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Competency Differences Between Adn and Bsn Nurses

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Competency Differences between nurses prepared at the Associate-Degree Level (ADN) or Baccalaureate-Degree Level (BSN) level Competency Differences between nurses prepared at the Associate-Degree Level (ADN) or Baccalaureate-Degree Level (BSN) level

It has always been said that the higher level of education one can obtain, the better. Currently for Registered Nurses there are many programs out there that encourage furthering education and enrolling back in school to obtain a Baccalaureate-Degree in Nursing (BSN). Both nurses, whichever program they are enrolled to, are educated through nursing programs that require them and prepare them to take the same National Council Licensure Examination (NCLEX). We will be able to see some differences in competency based on educational level and background based on research and evidenced-based practice.
Nurses throughout the United States are being encouraged to enroll back into school to achieve a higher level of education. You can see RN-BSN programs; BSN-MSN, LVN-ADN or LVN-BSN program information anywhere from website advertisements, e-mails, commercials, and magazines. There is no doubt that education is important and that based on the job one is looking to fulfill, certain levels of a degree or certification are required. ADN and BSN nurses, although both RNs, do hold certain traits of differences based on their education level. A nurse with an Associate’s Degree is taught more how to treat the patient medically. They most commonly work in acute-care settings, hospitals and home health agencies. A nurse with a Baccalaureate or Bachelor’s Degree has more opportunities to move up the career ladder. They can provide care just as the nurse with the ADN degree does and do it well, but have an advantage when management opportunities arise and usually this is required for any nurse who is seeking to obtain any management position in nursing. The nurse who is looking to broaden their knowledge and is seeking advancement may benefit from achieving a Bachelor’s degree. Some research suggests that there are better patient outcomes based on the degree preparedness of the nurse. “Numerous research studies have demonstrated that the ADN and BSN nurses are not different in skill competency when they graduate, but within a year, the BSN nurses show greater critical thinking skills, better problem solving, and the development of clinical judgment.” (Moore, 2009). We can ask, well if this is so true, then what about both of these nurses being able to test for and pass the NCLEX exam? Research argues that this is possible because the NCLEX exam is testing for ‘minimal technical competency’ for safe entry into basic nursing practice and not necessarily on knowledge and skills developed through either program. All nurses are considered professional and should very well entail the general knowledge and nursing skills in taking care of a patient medically, however the BSN programs focus more on treating the patient using a holistic nursing approach, they learn more about nursing theory and are exposed more to nursing research and are taught to look at a lot more information on the profession based on evidence-based practice. A quantitative study undertaken to examine whether final semester Associate Degree Nursing (ADN) and Baccalaureate Degree Nursing students who experienced community health content perceived themselves as self-efficacious to work as community health nurses with individuals, families and communities. While the data collected showed that the nurses with both degrees had high overall perceived self-efficacy, the ADN group scored lower in perceived self-efficacy and this is consistent conclusions in literature that ADN students are less prepared to work as Community Health Nurses within communities. (Rosen, 2000). This may be due to the fact that the additional curriculum in the BSN program covers information that emphasizes on evidence-based clinical practice and leadership. They also focus on courses such as research, statistics, critical thinking, and public health and community health. Nurses in ADN programs are taught more as to how to be technical nurses. They are able to provide direct care to patients and families in most acute settings and encompass the knowledge and skills required to care for individuals and families during illness and restoration after medical treatment. Some may argue that the ADN prepared nurse is more “hands-on”. It is more beneficial to any nurse to pursue the highest level of education possible especially in the case of wanting to pursue managerial positions and higher paying jobs. Whether a nurse initially graduates from an ADN or BSN program, they will both have the basic skills and competency to care directly for a patient, there of course is no doubt that if it possible to obtain a higher educational degree that the individual should do so in terms of long term career outlook.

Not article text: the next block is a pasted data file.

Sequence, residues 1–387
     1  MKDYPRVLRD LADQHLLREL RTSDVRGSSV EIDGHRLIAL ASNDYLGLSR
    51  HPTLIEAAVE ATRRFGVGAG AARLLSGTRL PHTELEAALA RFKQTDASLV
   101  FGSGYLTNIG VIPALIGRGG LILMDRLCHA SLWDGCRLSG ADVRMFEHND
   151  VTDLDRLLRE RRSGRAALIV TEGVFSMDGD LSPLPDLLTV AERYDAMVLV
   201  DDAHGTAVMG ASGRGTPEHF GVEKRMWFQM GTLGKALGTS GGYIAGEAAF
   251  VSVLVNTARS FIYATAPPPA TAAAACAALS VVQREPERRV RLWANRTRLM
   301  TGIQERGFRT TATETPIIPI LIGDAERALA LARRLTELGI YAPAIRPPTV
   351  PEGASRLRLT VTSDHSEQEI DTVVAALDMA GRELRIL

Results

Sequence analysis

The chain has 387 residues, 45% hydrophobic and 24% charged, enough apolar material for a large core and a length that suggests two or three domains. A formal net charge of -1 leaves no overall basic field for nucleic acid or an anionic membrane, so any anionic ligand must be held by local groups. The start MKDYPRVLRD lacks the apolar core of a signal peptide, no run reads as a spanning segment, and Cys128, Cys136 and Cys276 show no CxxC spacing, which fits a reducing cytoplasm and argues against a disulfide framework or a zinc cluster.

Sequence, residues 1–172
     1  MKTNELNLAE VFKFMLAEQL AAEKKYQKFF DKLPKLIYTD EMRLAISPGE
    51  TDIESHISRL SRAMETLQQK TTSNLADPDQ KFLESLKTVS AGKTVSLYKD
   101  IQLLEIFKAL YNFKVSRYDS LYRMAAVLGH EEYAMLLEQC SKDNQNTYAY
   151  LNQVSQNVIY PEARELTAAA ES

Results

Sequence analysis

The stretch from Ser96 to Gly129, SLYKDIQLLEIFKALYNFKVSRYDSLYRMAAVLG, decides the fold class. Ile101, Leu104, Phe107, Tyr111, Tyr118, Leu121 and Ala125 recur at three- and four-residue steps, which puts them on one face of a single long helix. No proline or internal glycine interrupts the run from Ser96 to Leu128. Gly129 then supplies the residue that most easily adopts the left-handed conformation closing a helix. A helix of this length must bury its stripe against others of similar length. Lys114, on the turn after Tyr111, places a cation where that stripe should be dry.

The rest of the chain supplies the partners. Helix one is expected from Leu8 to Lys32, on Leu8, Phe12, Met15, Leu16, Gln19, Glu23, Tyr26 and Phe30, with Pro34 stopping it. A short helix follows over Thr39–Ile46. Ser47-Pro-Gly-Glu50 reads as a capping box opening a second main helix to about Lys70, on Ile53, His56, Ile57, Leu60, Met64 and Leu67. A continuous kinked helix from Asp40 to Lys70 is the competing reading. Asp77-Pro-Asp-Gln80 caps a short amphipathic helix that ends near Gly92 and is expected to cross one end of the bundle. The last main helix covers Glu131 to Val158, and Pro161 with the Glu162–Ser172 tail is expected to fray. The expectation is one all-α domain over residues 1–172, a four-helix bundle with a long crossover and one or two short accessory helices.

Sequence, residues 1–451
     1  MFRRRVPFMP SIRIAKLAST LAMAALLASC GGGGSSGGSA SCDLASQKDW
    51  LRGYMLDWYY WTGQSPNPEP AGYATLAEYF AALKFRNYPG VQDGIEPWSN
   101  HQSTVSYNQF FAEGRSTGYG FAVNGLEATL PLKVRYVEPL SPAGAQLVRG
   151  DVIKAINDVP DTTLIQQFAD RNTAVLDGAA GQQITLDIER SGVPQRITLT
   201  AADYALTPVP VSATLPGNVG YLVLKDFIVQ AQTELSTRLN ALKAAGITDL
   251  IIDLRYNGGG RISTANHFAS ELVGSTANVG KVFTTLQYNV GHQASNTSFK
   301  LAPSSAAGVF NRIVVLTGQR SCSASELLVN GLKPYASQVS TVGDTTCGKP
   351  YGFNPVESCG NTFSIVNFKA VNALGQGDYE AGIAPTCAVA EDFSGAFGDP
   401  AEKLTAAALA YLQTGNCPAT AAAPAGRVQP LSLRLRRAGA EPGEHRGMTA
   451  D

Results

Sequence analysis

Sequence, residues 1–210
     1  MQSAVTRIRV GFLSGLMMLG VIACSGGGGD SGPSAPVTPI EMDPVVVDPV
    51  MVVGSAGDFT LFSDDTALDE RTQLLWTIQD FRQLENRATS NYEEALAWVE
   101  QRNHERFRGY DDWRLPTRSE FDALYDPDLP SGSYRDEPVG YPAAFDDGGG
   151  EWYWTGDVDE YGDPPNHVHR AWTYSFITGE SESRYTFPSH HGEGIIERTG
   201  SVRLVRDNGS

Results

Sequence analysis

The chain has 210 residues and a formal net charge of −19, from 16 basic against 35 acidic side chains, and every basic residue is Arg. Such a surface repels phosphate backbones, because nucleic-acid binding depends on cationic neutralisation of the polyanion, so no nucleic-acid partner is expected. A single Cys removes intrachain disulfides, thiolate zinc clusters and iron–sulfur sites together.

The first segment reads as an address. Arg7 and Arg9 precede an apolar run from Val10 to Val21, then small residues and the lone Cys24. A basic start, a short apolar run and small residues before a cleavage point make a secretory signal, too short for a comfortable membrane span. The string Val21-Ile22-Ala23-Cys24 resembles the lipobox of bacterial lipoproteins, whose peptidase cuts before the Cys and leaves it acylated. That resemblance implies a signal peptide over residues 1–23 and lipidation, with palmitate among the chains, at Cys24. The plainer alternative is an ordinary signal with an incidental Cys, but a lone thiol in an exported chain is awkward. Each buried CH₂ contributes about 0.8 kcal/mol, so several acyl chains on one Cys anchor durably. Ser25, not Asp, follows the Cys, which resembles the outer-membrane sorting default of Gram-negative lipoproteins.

The ADN and BSN nurse can both excel in caring for patients because they are both trained to watch the physiological factors (i.e. airway, breathing, circulation). The BSN prepared nurse may have more of an advantage when it comes to “looking at the picture as a whole”. In terms to how quickly the medical field is changing and evolving, it may be beneficial to any nurse who has an Associate’s Degree in nursing to pursue obtaining their Bachelor’s Degree in Nursing when they are able to do so. With the wide range of availability of programs, loans, grants, and other financial methods, it is in any nurse’s advantage to make it a personal goal to achieve their Bachelor’s Degree in Nursing when possible. References

Fero, L. J., Witsberger, C. M., Wesmiller, S. W., Zullo, T. G., & Hoffman, L. A. (2009). Critical thinking ability of new graduate and experienced nurses. Journal Of Advanced Nursing, 65(1), 139-148. doi:10.1111/j.1365-2648.2008.04834.x
Rosen, L. (2000). Associate and Baccalaureate Degree Final Semester Students' Perceptions of Self-Efficacy Concerning Community Health Nursing Competencies. Public Health Nursing, 17(4), 231-238.